False Gods Will Bring the Devil the BluesRecently my music blogger acquaintances Anandamide and Peecat were asking each other whether any worthwhile late career albums have been made by artists whose career spans ten years or more. Byron Coley makes a strong case for the enduring quality of Roky Erickson's music in the documentary film You're Gonna Miss Me, which is now available on DVD. Roky hasn't released any new material in twenty years, but his 1986 album Don't Slander Me is as strong a collection of songs as anything I've heard from the late 1960's heyday of the 13th Floor Elevators. Roky's extraordinary voice is in fine form on the album's title track.
You're Gonna Miss Me begins with Roky's brother Sumner becoming Roky's guardian and removing Roky from their mother's influence. By the end of the film, Roky has regained his legal capacity and has returned to the concert stage. Sumner declares in a postscript that there is "no such thing" as schizophrenia or mental illness. One may reasonably conclude that Roky was misdiagnosed and mistreated, but it is a mistake to generalize from his experience that the entire mental health system is a house of cards.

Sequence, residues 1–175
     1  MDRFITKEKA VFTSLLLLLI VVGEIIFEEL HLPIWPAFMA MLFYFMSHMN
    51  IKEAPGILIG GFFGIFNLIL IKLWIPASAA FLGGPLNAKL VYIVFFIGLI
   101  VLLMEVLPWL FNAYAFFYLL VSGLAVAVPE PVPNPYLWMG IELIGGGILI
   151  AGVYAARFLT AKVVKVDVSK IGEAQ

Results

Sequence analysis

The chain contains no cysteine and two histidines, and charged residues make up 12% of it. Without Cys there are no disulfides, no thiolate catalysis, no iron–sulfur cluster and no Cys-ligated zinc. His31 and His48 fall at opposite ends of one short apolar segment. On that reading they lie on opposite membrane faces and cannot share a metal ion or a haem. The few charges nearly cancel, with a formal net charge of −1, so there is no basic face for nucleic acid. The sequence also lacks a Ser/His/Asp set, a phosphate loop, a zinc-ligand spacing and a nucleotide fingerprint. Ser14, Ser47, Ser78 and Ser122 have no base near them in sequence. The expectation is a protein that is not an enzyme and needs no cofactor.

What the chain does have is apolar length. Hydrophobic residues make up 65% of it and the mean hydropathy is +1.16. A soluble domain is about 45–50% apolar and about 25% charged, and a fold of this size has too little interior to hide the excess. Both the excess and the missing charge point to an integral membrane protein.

You're Gonna Miss Me ends with a lingering shot of Roky compulsively licking and pursing his lips in the courtroom after his independence is granted; the shot suggests that the filmmakers themselves doubt Sumner's conviction. The interviews with the Ericksons' mother (and the inclusion of her short films, poems, and pictures) may lead the viewer to conclude that she suffered from depression. And it is ironic that Sumner first sought to get Roky to take psychotropic medications, but Sumner later comes to share his mother's distrust of psychiatry.